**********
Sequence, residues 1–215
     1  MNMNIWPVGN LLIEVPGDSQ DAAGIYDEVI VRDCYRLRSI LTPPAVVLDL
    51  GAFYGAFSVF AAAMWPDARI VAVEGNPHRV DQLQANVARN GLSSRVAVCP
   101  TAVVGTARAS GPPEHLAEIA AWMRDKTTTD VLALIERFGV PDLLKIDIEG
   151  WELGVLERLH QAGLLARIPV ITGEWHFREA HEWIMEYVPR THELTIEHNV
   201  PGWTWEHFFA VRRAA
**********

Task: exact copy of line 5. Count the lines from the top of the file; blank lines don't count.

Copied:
   151  WELGVLERLH QAGLLARIPV ITGEWHFREA HEWIMEYVPR THELTIEHNV